The Silent Successes of the Cuban Dissidence
The Silent Successes of the Cuban Dissidence / Ivan Garcia
Posted on February 7, 2014
Before the olive-green autocracy designed economic reforms, the
peaceful, illegal opposition was demanding opportunities in small
businesses and in the agricultural sector as well as repeal of the
absurd apartheid in the tourist, information and technology spheres that
turned the Cuban into a third class citizen.
General Raul Castro and his entourage of technocrats headed by the czar
of economic reform, Marino Murillo, were not the first to demand changes
in national life. No.
None raised his voice publicly to demand reforms. No one with the
government dared to write an article asking for immediate economic or
If within the setting of the State Council those issues were aired, we
Cubans did not have access to those debates. The tedious national press
never published an editorial report about the course or changes that the
nation should have undertaken.
Maybe the Catholic Church, in some pastoral letter, with timidity and in
a measured tone, approached certain aspects. The intellectuals who today
present themselves to us as representatives of a modern left also
Neither did Cuban followers of Castro-ism in the United States and
Europe question the fact that their compatriots on the island had no
access to mobile telephones, depended on the State for travel abroad or
lost their property if they decided to leave the country.
Who did publicly raise a voice was the internal dissidence. Since the
end of the 1970’s, when Ricardo Bofill founded the Committee for Human
Rights; in addition to demanding changes in political matters and
respect for individual liberties, he demanded economic opportunities and
legal changes in property rights.
Independent journalists have also, since their emergence in the mid-90’s
and, more recently, the alternative bloggers. If the articles demanding
greater economic, political and social autonomy were published, several
volumes would be needed.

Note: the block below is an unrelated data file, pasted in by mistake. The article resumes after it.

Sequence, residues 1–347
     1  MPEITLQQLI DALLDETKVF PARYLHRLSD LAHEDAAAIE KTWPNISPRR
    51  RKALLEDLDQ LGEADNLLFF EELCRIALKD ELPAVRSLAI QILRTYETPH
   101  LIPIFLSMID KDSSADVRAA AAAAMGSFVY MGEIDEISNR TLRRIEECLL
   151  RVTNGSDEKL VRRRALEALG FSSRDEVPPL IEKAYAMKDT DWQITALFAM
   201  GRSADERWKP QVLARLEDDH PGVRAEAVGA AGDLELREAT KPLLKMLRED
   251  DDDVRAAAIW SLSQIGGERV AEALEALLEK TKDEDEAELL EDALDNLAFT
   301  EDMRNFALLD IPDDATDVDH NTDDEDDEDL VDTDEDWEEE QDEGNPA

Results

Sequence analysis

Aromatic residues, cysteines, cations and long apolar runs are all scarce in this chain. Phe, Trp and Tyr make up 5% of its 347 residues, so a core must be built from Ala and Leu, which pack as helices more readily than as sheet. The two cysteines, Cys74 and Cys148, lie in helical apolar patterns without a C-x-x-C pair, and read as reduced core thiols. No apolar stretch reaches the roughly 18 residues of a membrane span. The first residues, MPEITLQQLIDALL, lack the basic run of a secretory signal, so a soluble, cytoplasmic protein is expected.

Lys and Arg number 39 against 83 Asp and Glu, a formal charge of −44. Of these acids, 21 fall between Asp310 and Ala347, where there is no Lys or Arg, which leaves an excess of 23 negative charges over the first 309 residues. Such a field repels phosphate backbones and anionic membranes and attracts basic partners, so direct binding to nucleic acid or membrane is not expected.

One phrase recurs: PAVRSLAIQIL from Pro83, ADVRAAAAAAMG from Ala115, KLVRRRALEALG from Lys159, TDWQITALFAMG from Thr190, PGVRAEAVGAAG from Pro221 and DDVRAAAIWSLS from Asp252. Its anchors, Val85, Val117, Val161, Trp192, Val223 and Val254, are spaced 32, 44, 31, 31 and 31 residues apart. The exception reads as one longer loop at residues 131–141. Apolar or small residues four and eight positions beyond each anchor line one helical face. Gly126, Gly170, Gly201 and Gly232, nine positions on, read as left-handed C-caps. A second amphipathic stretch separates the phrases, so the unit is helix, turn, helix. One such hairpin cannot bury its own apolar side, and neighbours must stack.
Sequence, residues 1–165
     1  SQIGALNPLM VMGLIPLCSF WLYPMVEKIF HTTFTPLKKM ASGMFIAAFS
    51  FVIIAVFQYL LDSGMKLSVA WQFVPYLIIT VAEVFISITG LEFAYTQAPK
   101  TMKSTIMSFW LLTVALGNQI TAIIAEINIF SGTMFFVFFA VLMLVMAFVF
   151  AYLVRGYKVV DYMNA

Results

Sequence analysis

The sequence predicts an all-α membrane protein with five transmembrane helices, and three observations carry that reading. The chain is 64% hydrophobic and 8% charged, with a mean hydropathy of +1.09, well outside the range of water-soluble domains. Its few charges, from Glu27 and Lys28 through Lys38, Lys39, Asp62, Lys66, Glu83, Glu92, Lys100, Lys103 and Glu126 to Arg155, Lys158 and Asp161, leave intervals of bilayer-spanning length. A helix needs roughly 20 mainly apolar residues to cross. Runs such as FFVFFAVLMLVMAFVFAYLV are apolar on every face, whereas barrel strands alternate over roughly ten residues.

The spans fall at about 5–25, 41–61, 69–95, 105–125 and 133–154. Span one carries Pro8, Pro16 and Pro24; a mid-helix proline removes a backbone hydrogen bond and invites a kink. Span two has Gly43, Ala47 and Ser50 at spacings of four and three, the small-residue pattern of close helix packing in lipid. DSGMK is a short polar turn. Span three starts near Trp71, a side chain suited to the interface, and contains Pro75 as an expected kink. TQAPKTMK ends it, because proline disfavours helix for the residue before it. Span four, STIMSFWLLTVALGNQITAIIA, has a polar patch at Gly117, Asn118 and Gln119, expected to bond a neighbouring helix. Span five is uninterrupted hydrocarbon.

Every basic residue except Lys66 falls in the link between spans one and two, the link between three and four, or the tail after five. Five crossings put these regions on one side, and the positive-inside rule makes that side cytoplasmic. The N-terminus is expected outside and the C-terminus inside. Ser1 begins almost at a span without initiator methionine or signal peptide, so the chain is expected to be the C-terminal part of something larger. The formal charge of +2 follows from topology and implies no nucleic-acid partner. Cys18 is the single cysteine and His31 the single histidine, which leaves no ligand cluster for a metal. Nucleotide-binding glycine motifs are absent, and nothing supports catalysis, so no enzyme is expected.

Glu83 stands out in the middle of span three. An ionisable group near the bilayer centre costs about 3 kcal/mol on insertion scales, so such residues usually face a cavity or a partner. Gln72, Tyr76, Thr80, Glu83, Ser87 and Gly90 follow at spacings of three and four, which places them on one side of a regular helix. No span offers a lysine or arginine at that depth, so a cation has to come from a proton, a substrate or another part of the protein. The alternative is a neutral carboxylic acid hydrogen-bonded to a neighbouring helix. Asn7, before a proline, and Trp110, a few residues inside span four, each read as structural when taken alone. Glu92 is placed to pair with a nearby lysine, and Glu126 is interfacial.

Something not lacking among the Cuban dissidence is political discourse.
And they all solicit greater citizen freedoms, from the first of Bofill,
Martha Beatriz’s, Vladimiro Roca’s, Rene Gomez Manzano’s and Felix Bonne
’s Fatherland is for All, Oswaldo Paya’s Varela Project, to Antonio
Rodiles’ Demand for Another Cuba or Oscar Elias Biscet’s Emilia Project.
The local opposition can be criticized for its limited scope in adding
members and widening its community base. But its indubitable merits in
the submission of economic and political demands cannot be overlooked.
The current economic reforms established by Castro II answer several
core demands raised by the dissidence. No few opponents suffered
harassment, beatings and years in prison for demanding some of the
current changes, which the regime tries to register as its political
The abrogation of absurd prohibitions on things like the sale of cars
and houses, travel abroad or access to the internet has formed part of
the dissidents’ proposals.
Now, a sector of the Catholic Church is lobbying the government. A
stratum of intellectuals from the moderate left raises reforms of
greater scope and respect for political differences.
But when Fidel Castro governed with an iron fist, those voices kept
silent. It will always be desirable to remind leaders that Cuba is not a
private estate and that each Cuban, wherever he resides, has the right
to express his policy proposals.
But, unfortunately, we usually ignore or overlook that barely a decade
ago, when fear, conformity and indolence put a zipper on our mouths, a
group of fellow countrymen spent time demanding reforms and liberties at
risk even to their lives.
Currently, while the debate by the intellectuals close to the regime
centers on the economic aspect, the dissidence keeps demanding political
One may or may not agree with the strategies of the opponents. But you
cannot fail to recognize that they have been — and continue to be — the
ones who have paid with jail, abuse and exile for their just claims.
They could have been grandparents who run errands and care for their
grandchildren. Or State officials who speechify about poverty and
inequality, eating well twice a day, having chauffeured cars and
traveling around the world in the name of the Cuban revolution.
But they decided to bet on democracy. And they are paying for it.
Translated by mlk.
6 February 2014
Source: The Silent Successes of the Cuban Dissidence / Ivan Garcia |
Translating Cuba –